After many hard-fought months, the presidential primary season effectively drew to a close on Tuesday with the last major spate of contests.
Donald Trump was already the presumptive Republican nominee since there was no opponents remaining.Hillary Clinton was awarded that mantle for the Democrats on Monday night based on NBC’s count of both pledged and so-called “super” delegates. But voters in California,New Jersey,New Mexico,North Dakota,Montana and South Dakota took to the polls on Tuesday to cast their votes for Clinton or her last remaining opponent, Sen. Bernie Sanders of Vermont.
News projected that Clinton would win the New Jersey and New Mexico primaries. In addition, she was the apparent winner in South Dakota. In North Dakota and Montana, meanwhile, Sanders was the projected winner.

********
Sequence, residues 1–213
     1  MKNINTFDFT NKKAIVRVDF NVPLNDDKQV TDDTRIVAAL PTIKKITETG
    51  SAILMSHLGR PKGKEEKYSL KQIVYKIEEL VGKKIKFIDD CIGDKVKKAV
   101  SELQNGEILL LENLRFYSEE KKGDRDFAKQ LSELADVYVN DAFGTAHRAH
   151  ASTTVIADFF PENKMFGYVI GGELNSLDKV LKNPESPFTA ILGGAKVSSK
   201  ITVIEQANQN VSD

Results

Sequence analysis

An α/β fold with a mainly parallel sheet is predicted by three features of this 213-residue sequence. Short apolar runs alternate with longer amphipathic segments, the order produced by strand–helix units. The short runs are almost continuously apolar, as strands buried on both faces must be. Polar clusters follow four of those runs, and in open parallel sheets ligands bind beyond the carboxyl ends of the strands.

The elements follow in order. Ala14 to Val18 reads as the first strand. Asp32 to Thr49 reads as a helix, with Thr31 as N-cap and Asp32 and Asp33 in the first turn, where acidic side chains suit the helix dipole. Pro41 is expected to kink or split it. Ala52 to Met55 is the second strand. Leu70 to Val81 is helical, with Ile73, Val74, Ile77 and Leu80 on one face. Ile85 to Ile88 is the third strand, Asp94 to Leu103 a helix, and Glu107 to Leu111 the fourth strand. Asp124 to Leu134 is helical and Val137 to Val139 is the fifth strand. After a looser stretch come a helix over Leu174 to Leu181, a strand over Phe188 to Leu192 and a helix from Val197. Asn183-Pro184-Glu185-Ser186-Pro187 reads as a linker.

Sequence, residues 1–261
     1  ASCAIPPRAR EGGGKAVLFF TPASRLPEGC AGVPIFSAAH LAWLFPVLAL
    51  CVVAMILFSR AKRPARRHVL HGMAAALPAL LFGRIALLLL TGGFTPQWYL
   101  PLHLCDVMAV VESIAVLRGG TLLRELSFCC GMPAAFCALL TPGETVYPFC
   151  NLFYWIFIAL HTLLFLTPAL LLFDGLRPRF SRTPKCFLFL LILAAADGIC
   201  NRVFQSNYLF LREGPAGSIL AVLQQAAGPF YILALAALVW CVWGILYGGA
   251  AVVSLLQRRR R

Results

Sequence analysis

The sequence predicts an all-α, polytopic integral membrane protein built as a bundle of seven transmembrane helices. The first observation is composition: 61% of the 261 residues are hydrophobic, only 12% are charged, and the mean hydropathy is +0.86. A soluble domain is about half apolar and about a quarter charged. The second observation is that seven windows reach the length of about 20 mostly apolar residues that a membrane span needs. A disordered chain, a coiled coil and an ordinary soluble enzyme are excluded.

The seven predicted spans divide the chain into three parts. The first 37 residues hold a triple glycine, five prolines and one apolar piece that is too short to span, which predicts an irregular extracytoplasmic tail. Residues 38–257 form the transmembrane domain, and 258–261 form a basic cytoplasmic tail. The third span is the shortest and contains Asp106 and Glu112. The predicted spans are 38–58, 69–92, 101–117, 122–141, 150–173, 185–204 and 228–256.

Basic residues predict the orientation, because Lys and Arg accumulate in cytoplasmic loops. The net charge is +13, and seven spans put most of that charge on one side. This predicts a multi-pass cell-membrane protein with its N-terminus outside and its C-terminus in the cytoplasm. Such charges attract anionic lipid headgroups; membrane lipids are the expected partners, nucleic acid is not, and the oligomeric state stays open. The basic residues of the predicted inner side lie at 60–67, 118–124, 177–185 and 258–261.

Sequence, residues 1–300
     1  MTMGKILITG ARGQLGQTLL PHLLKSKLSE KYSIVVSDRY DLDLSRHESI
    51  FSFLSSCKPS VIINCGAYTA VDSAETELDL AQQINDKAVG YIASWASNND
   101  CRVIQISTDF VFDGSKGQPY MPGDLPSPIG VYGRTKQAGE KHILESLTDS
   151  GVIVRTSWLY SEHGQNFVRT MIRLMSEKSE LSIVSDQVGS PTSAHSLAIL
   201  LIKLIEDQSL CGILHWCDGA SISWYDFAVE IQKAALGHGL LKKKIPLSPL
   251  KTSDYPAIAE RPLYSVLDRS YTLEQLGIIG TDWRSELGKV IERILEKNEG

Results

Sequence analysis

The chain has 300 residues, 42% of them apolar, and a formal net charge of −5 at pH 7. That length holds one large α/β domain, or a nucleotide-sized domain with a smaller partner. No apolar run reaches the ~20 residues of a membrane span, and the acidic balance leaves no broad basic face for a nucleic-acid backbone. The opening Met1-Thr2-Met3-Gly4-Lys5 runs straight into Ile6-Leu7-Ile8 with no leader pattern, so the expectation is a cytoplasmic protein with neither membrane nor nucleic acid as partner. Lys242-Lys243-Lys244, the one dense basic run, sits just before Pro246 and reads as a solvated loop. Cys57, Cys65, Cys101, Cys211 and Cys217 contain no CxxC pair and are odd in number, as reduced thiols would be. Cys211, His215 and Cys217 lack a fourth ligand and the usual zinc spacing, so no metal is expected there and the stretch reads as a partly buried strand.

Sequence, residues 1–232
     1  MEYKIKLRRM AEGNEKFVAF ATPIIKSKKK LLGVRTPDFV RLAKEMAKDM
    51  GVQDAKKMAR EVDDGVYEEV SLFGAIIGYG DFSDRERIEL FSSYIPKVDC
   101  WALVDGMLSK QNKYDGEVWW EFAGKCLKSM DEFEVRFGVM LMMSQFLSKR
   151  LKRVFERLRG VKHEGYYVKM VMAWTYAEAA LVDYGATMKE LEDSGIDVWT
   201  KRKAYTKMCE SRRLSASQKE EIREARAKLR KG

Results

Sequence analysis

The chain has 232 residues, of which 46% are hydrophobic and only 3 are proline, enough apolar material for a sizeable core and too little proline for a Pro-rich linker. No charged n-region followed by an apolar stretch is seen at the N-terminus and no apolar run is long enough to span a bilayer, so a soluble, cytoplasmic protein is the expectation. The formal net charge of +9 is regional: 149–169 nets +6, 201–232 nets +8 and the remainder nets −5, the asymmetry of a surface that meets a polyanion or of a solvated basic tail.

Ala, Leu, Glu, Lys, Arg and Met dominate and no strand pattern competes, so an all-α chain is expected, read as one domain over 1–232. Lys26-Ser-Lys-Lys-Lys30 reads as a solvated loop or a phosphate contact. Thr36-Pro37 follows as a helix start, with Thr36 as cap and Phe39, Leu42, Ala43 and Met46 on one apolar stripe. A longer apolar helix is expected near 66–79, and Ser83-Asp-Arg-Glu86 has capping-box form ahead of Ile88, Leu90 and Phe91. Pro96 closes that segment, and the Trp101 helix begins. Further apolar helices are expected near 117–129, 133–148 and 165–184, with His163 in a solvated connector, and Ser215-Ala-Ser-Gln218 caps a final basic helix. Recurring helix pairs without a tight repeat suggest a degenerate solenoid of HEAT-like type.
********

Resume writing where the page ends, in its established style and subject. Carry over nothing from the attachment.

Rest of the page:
But even without projected winners in those races, NBC made a major announcement just as California’s results first started rolling in. According to initial reports an allocation of 140 pledged delegates each to Clinton and Sanders. This gave Clinton 2,043 pledged delegates, guaranteeing that she will have an outright pledged delegate majority over Sanders no matter what else happens.
At one point in the race, Sanders’ campaign had suggested that the pledged delegate count was the most important metric for a fair Democratic nomination. Sanders pledged late Tuesday (Pacific time) to “continue the fight” into next week for the D.C. primary, and then on to the Democratic convention in Philadelphia.